SESSION TITLE: Lung Cancer Posters
SESSION TYPE: Original Investigation Poster
PRESENTED ON: Wednesday, October 28, 2015 at 01:30 PM - 02:30 PM
PURPOSE: With the introduction of antiretroviral therapies (HAART) the causes of mortality in HIV patients (pts) have changed considerably. The incidence of lung cancer has risen dramatically in these pts, with lung cancer being a major contributor to mortality in HIV-positive pts. Our objective was to determine the characteristics of non-small cell lung cancer (NSCLC) in HIV-positive pts and compare them with HIV-negative NSCLC pts.
METHODS: We reviewed the charts of 1440 HIV-positive pts that followed at our institution’s infectious disease clinic from 2000 to 2010. Demographics, CD4 counts and NSCLC characteristics were studied.
RESULTS: A total of 19 (1.34%) pts with NSCLC were identified; there were more females than males (68%vs 32%). Regarding HIV infection: median (M) age of HIV diagnosis was 43 years (22-66), the most common modes of infection were heterosexual contact (53%) and IV drug use (31%). M CD4 at diagnosis was 71 (12-800). 89.5% of pts had been in HAART therapy, but only 47% were compliant with the regimen. About co-infections: 47% had hepatitis C and 21% hepatitis B. 95% were current or former smokers. In regards to NSCLC, M age at diagnosis was 50 years (43-69), M CD4 count at cancer diagnosis was 252 (13-818), 79% of the pts were stage IV at diagnosis, 84% of the pts were symptomatic at diagnosis with almost half of these pts (47%) having a prior lung infection. Adenocarcinoma was the most prevalent histologic subtype followed by squamous cell. Following cancer diagnosis, only 32% of the pts received a combination of chemotherapy and HAART therapy. Compared with HIV-positive pts, the HIV-negative pts were older at diagnosis (M age 70 years), contained fewer smokers (55%), and had a greater frequency of squamous cell carcinomas (38% vs. 16%), with only 61%of the of pts presenting with stage IV NSCLC.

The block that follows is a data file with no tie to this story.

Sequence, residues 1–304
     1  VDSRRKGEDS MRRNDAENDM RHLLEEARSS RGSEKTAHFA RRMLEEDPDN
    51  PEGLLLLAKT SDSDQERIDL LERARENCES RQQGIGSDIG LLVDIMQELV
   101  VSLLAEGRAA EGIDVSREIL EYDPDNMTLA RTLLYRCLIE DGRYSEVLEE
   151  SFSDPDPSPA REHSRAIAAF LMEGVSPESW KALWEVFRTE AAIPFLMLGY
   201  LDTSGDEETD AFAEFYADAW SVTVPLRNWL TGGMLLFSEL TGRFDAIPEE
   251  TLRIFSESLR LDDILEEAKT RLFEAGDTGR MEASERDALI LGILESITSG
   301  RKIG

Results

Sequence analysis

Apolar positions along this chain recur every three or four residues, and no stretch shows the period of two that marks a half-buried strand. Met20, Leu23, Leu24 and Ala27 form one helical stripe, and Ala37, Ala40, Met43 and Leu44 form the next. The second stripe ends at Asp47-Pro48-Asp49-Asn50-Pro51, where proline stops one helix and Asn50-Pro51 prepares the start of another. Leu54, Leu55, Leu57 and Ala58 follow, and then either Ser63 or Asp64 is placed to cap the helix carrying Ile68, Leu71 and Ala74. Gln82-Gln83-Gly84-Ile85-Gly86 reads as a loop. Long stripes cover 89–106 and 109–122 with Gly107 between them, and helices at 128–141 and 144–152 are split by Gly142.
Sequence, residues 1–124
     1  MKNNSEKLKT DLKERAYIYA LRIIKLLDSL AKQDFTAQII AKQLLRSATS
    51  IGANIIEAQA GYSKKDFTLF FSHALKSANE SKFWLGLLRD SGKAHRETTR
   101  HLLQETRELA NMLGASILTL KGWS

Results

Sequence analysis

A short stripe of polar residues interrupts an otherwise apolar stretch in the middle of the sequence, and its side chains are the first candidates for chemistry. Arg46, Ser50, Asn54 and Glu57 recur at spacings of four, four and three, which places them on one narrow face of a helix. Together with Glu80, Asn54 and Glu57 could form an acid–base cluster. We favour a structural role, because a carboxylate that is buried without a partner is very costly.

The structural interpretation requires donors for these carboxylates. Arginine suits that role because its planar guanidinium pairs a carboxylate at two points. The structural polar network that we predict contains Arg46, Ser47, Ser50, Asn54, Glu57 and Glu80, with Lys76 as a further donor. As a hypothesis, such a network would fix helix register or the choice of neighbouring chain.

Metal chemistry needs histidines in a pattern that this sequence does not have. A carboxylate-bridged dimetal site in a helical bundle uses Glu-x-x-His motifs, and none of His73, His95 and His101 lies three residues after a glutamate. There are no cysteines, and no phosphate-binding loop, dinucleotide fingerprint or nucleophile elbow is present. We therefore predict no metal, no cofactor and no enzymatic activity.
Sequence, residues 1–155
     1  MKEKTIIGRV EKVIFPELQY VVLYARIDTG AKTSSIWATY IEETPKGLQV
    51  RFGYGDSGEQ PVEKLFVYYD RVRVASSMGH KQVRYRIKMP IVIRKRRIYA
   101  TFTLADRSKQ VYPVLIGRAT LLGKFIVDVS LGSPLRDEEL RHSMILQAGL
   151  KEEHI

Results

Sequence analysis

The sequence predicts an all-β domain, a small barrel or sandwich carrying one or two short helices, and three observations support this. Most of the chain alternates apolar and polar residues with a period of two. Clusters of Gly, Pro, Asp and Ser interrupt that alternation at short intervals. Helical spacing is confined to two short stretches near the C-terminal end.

CONCLUSIONS: We observed a higher incidence of NSCLC in HIV-positive young females. Most of the pts presented with advanced disease and almost half of these pts had a prior lung infection. Our HIV-positive pts were 20 years younger at the time of diagnosis compared with the national median age of NSCLC diagnosis (70 years).
CLINICAL IMPLICATIONS: NSCLC HIV-positive pts tend to have a worse prognosis than the general population, management can be difficult as many pts present with advanced disease and co-infections. The risk of NSCLC based on gender differences, especially among HIV-positive females requires further investigation at this could impact cancer screening in the HIV-positive population.
DISCLOSURE: The following authors have nothing to disclose: Narjust Duma, Jaimie Mittal, Sobia Nizami, Mohleen Kang, David Cennimo
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